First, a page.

On Saturday, Dominique Strauss-Kahn had a rare, and controversial unscripted moment in an interview for the Guardian, in when he blamed French President Nicolas Sarkozy for engineering his fall from grace. DSK points his finger squarely at Sarkozy, when he claims the criminal investigation into the Sofitel prostitution saga was "shaped by those with a political agenda" and that "more was involved here than mere coincidence."
It’s not often that a high-ranking French politician loses his temper in this manner; after all, French politics is all about control and image. Ironically, the last person to go unscripted was Sarkozy himself. On an official visit in 2008 to the French Agricultural Salon, the President was heckled. As Sarkozy tried to shake hands with the man in question, he was told: “Leave me alone. Don’t touch me, you dirty me.” Instead of leaving matters and continuing, a visibly smirking Sarkozy went on the offensive: “Well, then f*** off, you sad b*****d.” The clip went viral and caused a PR nightmare.
We will never know what exactly occurred in DSK's hotel room. But, for him to claim that it was all a political conspiracy smacks of – if delicately rephrased – downright political expediency, and a certain amount of ill-concealed ire.
A spokesman for Sarkozy sarcastically rebutted the accusation: “Really, the entourage of Mr. Sarkozy [must be] very good. For twenty years, they have managed to incite him (DSK) to commit debauchery with the degree of success we have seen …” Touché.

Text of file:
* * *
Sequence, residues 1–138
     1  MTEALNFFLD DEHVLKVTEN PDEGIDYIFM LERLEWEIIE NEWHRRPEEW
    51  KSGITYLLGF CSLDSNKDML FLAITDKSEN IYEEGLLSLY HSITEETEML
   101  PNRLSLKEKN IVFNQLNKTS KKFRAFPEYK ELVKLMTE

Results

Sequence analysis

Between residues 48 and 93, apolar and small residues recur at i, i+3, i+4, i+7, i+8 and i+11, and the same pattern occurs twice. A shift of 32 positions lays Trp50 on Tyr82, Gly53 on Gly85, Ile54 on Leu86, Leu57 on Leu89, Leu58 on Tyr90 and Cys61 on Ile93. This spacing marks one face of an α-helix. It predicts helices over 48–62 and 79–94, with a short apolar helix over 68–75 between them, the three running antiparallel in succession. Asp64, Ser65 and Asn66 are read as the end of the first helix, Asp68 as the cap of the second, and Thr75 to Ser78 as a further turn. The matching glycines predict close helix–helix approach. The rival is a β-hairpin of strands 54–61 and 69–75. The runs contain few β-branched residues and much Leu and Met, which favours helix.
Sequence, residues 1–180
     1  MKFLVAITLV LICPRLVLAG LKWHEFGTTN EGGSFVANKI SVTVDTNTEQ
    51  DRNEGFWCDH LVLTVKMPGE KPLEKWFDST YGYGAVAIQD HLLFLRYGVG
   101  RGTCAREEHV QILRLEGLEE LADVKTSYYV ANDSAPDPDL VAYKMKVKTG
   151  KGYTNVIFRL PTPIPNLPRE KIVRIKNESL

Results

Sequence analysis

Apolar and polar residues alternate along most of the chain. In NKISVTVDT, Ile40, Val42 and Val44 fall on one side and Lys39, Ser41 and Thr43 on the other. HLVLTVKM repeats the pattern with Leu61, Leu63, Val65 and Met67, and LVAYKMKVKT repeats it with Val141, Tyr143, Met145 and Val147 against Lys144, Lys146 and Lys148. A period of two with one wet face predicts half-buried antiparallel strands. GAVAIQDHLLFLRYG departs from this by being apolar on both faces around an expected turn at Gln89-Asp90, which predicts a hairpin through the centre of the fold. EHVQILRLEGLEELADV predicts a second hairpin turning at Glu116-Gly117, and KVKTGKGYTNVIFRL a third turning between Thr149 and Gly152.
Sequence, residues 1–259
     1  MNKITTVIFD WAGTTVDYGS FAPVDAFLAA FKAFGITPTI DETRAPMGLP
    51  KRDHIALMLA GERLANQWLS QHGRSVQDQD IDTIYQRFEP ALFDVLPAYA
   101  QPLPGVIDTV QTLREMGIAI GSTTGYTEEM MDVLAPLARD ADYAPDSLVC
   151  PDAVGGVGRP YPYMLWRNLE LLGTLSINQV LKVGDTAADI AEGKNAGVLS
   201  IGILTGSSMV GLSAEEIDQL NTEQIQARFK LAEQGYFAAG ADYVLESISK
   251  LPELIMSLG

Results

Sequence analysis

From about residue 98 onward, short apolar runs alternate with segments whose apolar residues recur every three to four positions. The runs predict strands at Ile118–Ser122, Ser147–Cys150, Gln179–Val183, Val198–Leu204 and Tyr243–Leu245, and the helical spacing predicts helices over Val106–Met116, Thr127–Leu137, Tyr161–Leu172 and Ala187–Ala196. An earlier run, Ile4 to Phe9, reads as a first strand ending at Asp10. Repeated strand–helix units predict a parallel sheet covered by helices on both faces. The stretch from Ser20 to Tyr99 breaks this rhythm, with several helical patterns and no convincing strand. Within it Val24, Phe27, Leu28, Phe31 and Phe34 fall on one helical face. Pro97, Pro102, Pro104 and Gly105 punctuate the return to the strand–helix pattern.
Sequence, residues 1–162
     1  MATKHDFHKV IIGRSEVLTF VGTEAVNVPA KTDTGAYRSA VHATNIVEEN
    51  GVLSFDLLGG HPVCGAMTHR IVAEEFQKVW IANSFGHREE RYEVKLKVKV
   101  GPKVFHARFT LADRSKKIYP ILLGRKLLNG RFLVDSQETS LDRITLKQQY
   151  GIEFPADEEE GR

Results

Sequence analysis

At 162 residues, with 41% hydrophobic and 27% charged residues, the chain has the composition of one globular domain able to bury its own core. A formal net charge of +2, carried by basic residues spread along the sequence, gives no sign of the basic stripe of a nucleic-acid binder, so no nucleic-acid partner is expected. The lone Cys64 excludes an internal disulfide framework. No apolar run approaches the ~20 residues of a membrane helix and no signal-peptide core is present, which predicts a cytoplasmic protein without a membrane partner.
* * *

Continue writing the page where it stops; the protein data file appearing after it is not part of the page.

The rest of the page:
Therein lies the rub: DSK is too shady to make accusations of being ‘framed’ by the incumbent President. He is currently being investigated in France for participation in a prostitution ring and has yet to produce a crystal clear account of what occurred in the Sofitel hotel suite. The irony is almost palpable.
Will his accusation make voters hate Sarkozy more? Will it affect the election? Not in the slightest. Sarkozy has already hit back strong, telling DSK: “Have the decency to be quiet.” Undoubtedly, DSK will have to be. This was his parting shot, his one chance – as that voter did in the Agricultural salon – to shout his disapproval directly at Sarkozy. But he failed to achieve that, and instead got a cold shrug.
DSK once again has made himself the focus of unwanted attention and reminded the world that, in spite of his return to France, there is a fishy smell still lingering about the events in New York last May.
One wonders whether DSK will regret sounding off so quickly, in the heat of a presidential campaign. But Hell – after all – hath no fury like a prospective presidential candidate scorned.